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The Finger Lakes Environmental Film Festival from the interns' point of view
Friday, March 2, 2018
By Michael Mulvey
In studying social movements I often focus on how they share information. I ask what their forums for internal discourse are, how they generate consensus, and how they express themselves in the wider culture. For example, an important nodal point during the rise of the early 19th century labor movement was William Heighton’s Mechanic’s Free Press.
The paper was published for less than four years beginning in 1828. In that time The Mechanic’s Free Press initiated the founding of a highly effective political party, the Working Man’s Party. The paper was also instrumental in organizing an effective legislative campaign articulated by the Workingman’s Party.
By 1834 they had achieved: enactment of the first child labor laws in Pennsylvania, a guaranteed ten hour workday, and the passage of legislation that created tax funded public education in that state. The campaign had national implications. Other states like New York followed Pennsylvania in enacting publicly funded education.
Heighton intended, in part, to create a platform for the distillation of the movement’s goals and strategies. He committed an extensive amount of space in the paper to editorials by the public. By providing an open forum for the presentation and critique of ideas, the movement was able to articulate several goals. The ultimate objective was the liberation of successive generations from an inter-generational cycle of poverty and oppression.
At the center of the movement’s platform were the dual priorities of the eradication of child labor, paired with publicly funded education for all children. These goals, first articulated by an independent rag that didn’t survive four years, are foundations of U.S. moral economy. They undergird the social contract between labor, capital and government. The role of independent media has been integral to the dynamics of social progress throughout U.S. history. (Rodger Streitmatter provides in depth history and critical analysis of this case and the role of independent media in social movements in his 2001 volume Voices of Revolution: The Dissident Press in America.)
Through IC’s FLEFF Festival Blogging Seminar I’m shown the role film festivals play as forums for alternative discourses. In Cindy Hing-Yuk Wong’s Film Festivals: Culture, People, and Power on the Global Screen, her chapter on Events as Public Spheres discusses how theme based film festivals, “can constitute alternative public spheres/counterpublics where ideas, often- times repressed or ignored in larger contexts, are exchanged and explored.” Wong also asserted that those festivals were usually limited by their focus. This first point prompted me to question how FLEFF maintains its coherent focal point, the environment, while engaging a wide range of disciplines and perspectives.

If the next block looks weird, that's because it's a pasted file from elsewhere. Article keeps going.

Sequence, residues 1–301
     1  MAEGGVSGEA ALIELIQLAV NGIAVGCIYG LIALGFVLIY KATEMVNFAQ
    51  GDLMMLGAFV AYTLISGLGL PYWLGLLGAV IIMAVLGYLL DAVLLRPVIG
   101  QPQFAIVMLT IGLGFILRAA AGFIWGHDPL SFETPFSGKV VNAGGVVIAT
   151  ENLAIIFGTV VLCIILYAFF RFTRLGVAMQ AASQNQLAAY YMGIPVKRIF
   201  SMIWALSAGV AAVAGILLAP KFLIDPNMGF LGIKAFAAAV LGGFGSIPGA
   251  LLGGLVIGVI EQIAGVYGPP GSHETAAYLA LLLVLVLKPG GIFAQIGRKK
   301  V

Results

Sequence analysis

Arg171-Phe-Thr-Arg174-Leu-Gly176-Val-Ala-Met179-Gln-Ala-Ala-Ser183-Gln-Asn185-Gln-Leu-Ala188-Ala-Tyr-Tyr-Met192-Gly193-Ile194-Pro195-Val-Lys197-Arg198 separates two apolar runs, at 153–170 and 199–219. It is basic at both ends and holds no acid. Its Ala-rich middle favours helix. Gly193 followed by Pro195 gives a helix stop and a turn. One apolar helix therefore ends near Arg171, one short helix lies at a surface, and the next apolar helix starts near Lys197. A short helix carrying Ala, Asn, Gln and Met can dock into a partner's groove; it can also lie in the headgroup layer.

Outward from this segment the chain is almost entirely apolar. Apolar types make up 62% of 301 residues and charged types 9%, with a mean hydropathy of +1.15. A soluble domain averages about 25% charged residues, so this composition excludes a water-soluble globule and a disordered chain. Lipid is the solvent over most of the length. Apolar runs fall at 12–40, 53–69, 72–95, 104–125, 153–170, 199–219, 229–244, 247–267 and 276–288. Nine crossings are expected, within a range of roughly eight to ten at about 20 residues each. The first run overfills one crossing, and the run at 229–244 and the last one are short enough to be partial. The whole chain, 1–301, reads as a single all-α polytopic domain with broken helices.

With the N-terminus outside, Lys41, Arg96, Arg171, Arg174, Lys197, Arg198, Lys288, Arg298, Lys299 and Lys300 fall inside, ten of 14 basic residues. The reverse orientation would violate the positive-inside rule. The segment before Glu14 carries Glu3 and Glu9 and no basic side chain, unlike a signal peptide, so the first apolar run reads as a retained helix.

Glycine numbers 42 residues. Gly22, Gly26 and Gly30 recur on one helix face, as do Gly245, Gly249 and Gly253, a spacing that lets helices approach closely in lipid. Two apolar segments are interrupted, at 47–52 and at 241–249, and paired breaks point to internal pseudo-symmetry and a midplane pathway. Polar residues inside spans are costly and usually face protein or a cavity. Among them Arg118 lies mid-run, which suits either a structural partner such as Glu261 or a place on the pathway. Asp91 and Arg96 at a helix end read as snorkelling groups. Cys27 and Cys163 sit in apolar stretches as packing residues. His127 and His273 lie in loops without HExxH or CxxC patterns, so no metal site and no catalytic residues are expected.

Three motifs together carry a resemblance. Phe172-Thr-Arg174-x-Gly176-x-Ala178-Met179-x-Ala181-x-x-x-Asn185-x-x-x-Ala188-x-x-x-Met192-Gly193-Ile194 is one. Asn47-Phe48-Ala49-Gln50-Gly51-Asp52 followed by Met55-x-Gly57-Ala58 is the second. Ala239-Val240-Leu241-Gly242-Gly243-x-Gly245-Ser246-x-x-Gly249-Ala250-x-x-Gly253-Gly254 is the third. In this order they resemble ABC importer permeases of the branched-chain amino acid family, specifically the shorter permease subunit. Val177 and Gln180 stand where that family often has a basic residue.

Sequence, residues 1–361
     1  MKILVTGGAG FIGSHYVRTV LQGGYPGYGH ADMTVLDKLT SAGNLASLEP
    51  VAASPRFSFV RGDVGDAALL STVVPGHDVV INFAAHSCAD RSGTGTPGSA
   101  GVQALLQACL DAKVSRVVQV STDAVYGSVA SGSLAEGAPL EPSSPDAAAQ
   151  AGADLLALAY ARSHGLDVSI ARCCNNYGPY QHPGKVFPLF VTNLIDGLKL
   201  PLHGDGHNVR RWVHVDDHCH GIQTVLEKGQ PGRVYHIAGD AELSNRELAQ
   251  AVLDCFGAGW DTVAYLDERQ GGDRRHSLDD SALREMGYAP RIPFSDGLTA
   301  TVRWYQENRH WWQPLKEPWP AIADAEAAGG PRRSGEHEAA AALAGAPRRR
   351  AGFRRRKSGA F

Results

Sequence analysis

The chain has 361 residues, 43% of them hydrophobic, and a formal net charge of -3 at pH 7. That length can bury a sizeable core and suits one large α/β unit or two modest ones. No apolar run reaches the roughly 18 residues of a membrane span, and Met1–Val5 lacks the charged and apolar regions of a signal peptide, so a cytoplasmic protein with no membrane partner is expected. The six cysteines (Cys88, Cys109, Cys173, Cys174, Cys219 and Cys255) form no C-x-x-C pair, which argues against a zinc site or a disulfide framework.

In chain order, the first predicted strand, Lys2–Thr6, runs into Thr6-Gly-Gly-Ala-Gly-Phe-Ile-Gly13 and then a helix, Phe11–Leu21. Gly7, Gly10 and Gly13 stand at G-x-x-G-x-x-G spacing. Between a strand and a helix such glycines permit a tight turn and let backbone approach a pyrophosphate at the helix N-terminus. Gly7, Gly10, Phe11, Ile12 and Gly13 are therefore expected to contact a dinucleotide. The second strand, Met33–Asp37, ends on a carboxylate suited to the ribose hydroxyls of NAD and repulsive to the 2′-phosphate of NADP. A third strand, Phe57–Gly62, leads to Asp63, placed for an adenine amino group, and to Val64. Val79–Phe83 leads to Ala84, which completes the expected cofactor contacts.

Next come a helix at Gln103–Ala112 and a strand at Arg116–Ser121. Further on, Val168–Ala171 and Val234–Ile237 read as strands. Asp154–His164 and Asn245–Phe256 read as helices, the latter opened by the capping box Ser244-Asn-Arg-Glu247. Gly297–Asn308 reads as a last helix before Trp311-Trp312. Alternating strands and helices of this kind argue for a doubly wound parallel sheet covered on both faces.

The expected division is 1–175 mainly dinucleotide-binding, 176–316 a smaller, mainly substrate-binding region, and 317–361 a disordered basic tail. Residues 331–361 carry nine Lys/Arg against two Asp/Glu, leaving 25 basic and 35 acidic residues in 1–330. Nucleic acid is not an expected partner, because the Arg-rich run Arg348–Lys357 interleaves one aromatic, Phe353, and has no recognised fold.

In researching this question, points two and three emerged. Dr. Tanya Saunders articulates how, through creating a “different environment…FLEFF asserts that engagement and dialogue are the basis of intellectual life and that intellectual life is not limited to the academy." In pondering this I began to recognize point number three. FLEFF constitutes alternate public spheres, in which counterpublics can develop and find meaningful public expression. (Dr. Tanya Saunders is the Assistant Provost of International Programs and Extended Studies at Ithaca College. She is the executive producer and head administrator of the Finger Lakes Environmental Film Festival.)
This seemed relevant, but didn't answer my question of how FLEFF retains its focus, while embracing so much. Upon digging a little further I became aware of FLEFF’s alignment with the United Nations Educational, Scientific and Cultural Organization (UNESCO) Sustainable Development Goals. The U.N. General Assembly adopted UNESCO’s “17 Goals to Transform Our World,” in 2015. They engage wide-ranging issues including poverty, gender equality, sustainability and peace justice & strong institutions among others.
From this revelation came a fifth point, which does answer my question. By applying the UNESCO goals to the festival forum FLEFF allows for engagement of environmental issues from diverse perspectives. UNESCO's goals also inform IC’s commitment to involve the entire range of disciplines and departments that the institution embodies. For example, the course descriptions for each of FLEFF’s eight mini-courses reveal the course’s relationship to one or more of the 17 UNESCO sustainability goals. By applying the lens of UNESCO's Sustainability Goals, various perspectives and disciplines are brought under a common forum. Interdisciplinary collaboration and discourse increases, creating new interstitial spaces at these intersections.
In essence William Heighton provided a broad, open forum that incorporated various immigrant groups with different cultural orientation under the umbrella of labor reform. Prior to the use of any electronic media or railroads The Mechanic's Free Press constituted an alternative public sphere where ideas, which were repressed or ignored in larger contexts, were exchanged, explored, and ultimately canonized into that wider context. This model recurs in social movements throughout the 19th and early 20th centuries. In the mid 20th century Pacifica Broadcasting attempted to apply the model to electronic media. Pacifica attempted to organize a forum that would support a national network of counterpublics.
My sixth point, is that FLEFF represents a multi-disciplinary 21st century articulation of the critical function of independent media in social movements, which William Heighton helped to define 190 years ago: to provide a forum for critiquing power, challenging the dominant narrative, and expressing effective and just alternatives to the status quo.